What It Means to Be the Daughter of a Marine
I am the oldest daughter of a United States Marine. Born in the Pink Doctor Building during the final years of a Cold War conflict we did not win, I learned to walk on Honolulu’s sandy beaches, waving to the improbable sky hippopotamus that hovered over the sea behind my base house, its tandem rotors thumping rhythms I felt in my bones, its lights flashing red and green, port and starboard, my father’s way of signaling his love to my mother and me as we collected blue glass balls that washed up on our beach. The glass balls, my father said, once floated fishing nets in far-away Japan.
My father, USMC Captain Theodore Thomas Long, Jr., piloted CH-46 Sea Knights during the final gasps of the Vietnam War. He earned his nickname, “Machine Gun,” when he asked his CO to transfer him from an assault squadron to a unit that flew medical rescue missions. Anybody who knew my father knows he could not have flown a gunship. He was not that kind of guy—he was the kind of guy who wept every time he read the ending of A Tale of Two Cities, who sang “When You Walk through a Storm” so clear and sweet it gave you goose bumps.
My father’s Vietnam was not Ken Rodger’s Vietnam, not the “confused alarms of struggle and flight” described so vividly in Ken’s documentary of the siege of Khe Sahn, Bravo: Common Men, Uncommon Valor. You see, my father was an officer. He joined the ROTC in college, where he majored in Political Science. Dad started his thesis with the intention of defending the Vietnam War and the United States’ role in it. Upon researching the subject, he concluded that the war was indefensible. Then he graduated and went to fly helicopters in Vietnam anyway, because that’s what you do when you love your country: you support it, right or wrong. And my Dad, the fatherless liberal Democrat Mormon boy from Utah, loved America.
Here is what it means to be the daughter of a United States Marine who served in Vietnam. Your first word is “jet” (“No, helicopter! Helicopter!” my Dad would say). You belt out “From the halls of Montezuma” while the other kids are singing “Twinkle, Twinkle, Little Star.” You are never, ever allowed to say the word “Army.” When you forget to do your chores, your Dad yells, “Drop and give me 20,” and you do. On Sundays, the only movies you can watch are the following: Patton, The Great Escape, Victory at Sea, and Chariots of Fire. But mostly Patton. You and your siblings can reenact the entire film.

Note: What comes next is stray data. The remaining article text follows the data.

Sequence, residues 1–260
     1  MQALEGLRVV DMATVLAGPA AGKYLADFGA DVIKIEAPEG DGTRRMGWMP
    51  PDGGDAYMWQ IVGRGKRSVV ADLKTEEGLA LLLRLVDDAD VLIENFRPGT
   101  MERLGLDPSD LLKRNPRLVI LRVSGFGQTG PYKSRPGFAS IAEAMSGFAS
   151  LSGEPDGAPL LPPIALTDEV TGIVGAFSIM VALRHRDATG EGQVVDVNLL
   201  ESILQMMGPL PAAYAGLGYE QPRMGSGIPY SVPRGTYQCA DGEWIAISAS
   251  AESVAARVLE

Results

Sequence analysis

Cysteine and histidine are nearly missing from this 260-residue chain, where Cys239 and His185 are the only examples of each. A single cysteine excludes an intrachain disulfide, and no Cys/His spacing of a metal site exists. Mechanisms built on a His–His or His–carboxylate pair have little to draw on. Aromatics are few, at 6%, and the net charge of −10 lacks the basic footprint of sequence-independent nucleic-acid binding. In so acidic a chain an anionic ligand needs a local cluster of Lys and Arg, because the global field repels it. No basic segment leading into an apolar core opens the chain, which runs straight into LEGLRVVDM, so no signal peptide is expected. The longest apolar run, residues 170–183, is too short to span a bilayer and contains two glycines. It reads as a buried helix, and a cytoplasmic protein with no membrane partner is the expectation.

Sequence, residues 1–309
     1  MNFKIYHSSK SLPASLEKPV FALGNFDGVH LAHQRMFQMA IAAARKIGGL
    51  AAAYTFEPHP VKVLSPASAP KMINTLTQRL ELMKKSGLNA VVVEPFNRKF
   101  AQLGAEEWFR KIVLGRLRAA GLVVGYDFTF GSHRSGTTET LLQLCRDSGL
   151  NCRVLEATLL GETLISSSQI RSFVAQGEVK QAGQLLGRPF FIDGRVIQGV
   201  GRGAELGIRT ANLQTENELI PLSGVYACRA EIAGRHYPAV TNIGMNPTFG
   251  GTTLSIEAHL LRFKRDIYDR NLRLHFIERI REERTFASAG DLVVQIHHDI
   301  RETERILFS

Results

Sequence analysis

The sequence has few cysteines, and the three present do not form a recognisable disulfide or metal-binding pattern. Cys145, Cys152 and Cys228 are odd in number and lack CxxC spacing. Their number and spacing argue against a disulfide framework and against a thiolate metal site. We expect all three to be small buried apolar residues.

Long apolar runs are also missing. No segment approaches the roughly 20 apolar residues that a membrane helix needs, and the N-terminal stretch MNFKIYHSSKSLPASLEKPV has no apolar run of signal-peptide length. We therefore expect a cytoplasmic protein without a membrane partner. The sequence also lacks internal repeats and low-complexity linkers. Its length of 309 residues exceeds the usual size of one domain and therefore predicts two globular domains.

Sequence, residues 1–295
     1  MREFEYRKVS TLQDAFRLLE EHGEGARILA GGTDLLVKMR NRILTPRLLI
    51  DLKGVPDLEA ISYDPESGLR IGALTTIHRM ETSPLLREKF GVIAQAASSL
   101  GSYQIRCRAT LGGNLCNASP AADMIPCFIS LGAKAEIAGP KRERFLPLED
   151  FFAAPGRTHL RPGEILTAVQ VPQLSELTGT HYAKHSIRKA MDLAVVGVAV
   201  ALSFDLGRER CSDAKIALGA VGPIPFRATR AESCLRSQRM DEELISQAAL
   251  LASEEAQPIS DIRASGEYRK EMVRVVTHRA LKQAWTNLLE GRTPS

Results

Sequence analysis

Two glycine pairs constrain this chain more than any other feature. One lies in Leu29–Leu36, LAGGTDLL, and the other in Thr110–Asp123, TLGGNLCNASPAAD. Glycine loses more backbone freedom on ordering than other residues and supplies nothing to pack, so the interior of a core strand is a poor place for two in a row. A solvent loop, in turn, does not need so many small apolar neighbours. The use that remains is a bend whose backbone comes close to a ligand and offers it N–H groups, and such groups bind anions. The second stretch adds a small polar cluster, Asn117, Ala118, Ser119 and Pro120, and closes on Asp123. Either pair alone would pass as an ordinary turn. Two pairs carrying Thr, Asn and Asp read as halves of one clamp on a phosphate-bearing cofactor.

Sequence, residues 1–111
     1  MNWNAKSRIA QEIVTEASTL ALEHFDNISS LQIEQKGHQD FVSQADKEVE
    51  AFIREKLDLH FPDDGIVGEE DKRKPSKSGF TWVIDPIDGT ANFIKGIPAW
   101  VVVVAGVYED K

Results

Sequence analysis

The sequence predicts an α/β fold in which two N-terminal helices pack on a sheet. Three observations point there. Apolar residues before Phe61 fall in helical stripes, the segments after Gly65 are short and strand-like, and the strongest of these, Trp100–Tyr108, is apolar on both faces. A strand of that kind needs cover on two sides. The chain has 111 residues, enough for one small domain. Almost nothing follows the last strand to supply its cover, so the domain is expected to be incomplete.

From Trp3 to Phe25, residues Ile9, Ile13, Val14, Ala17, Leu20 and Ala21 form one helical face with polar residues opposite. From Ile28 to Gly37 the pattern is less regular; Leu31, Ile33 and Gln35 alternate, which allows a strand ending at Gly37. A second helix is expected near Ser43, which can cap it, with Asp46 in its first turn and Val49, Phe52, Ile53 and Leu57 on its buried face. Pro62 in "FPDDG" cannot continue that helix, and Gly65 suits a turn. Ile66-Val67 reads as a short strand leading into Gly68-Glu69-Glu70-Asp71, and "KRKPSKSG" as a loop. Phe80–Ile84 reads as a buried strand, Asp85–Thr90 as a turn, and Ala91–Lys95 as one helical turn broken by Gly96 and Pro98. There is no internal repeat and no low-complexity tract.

In sixth grade, on your Dad’s advice, you read The Iliad, holding your breath: “Sing, goddess, the wrath of Achilles.” Your teacher is disappointed with you because you write an epic poem in dactylic hexameter about a war between ants and wasps instead of a pretty lyric about butterflies. In high school, you have your first crush on Lawrence of Arabia and begin to contemplate the oxymoronic problem of Heroism in the Modern Age. You learn what the word ambiguous means. You learn that things are not black and white. You learn to love America anyway.
In 1991, when you are home on break from college, driving with your Dad, who has just been diagnosed with acute myelogenous leukemia (a war he will not win), you find your way blocked by barricades, a parade with tanks and ticker tape to honor heroes of the Gulf War. Your Dad starts to cry. “They spit on me,” he says. “When I came home, they spit on me.”
I thought of all these things when I saw Bravo for the first time. Author and 1968 Khe Sahn siege survivor Ken Rodgers has been a longtime friend and mentor. I wrote my first novel (probably for myself) under his tutelage. There is nothing like learning the power of strong verbs from a man who experienced them like Ken did. Seeing Bravo made me understand some things I’d always wondered about my own father, about the war that shaped him, and by extension, me.
What I learned from watching Bravo is this: you are never more alive than when you are facing death. In that moment, you are the Ubermensch, hyper-alive, hyper-aware. You can see bullets pass you by. You can contemplate their curves, their hard, deadly tips, the lovely crimson clouds that they create when they impact something not protected by a flak jacket. Watching Bravo, I learned that war is hell. But I also finally understood why we keep waging it. At some level, war is fun. And nothing else in life quite lives up to that powerful chemical cocktail your body slams when you face death (except maybe childbirth, but that’s another story).
Here is what it means to be the daughter of a United States Marine who served in Vietnam. When your father dies at age 50, they bury him near Hill Air Force Base, in the shadow of mountains, beneath the flight path. A bugler plays Taps. The guns salute. They hand your mom a folded flag. You don’t know whether the cancer that killed him was part of a cluster that afflicted Vietnam pilots, or whether it was because he was born in Reno, Nevada in 1944, or whether it was just one of those things.
You love America anyway. Dulce et decorum est pro patria mori.
Read more about Bravo at http://bravotheproject.com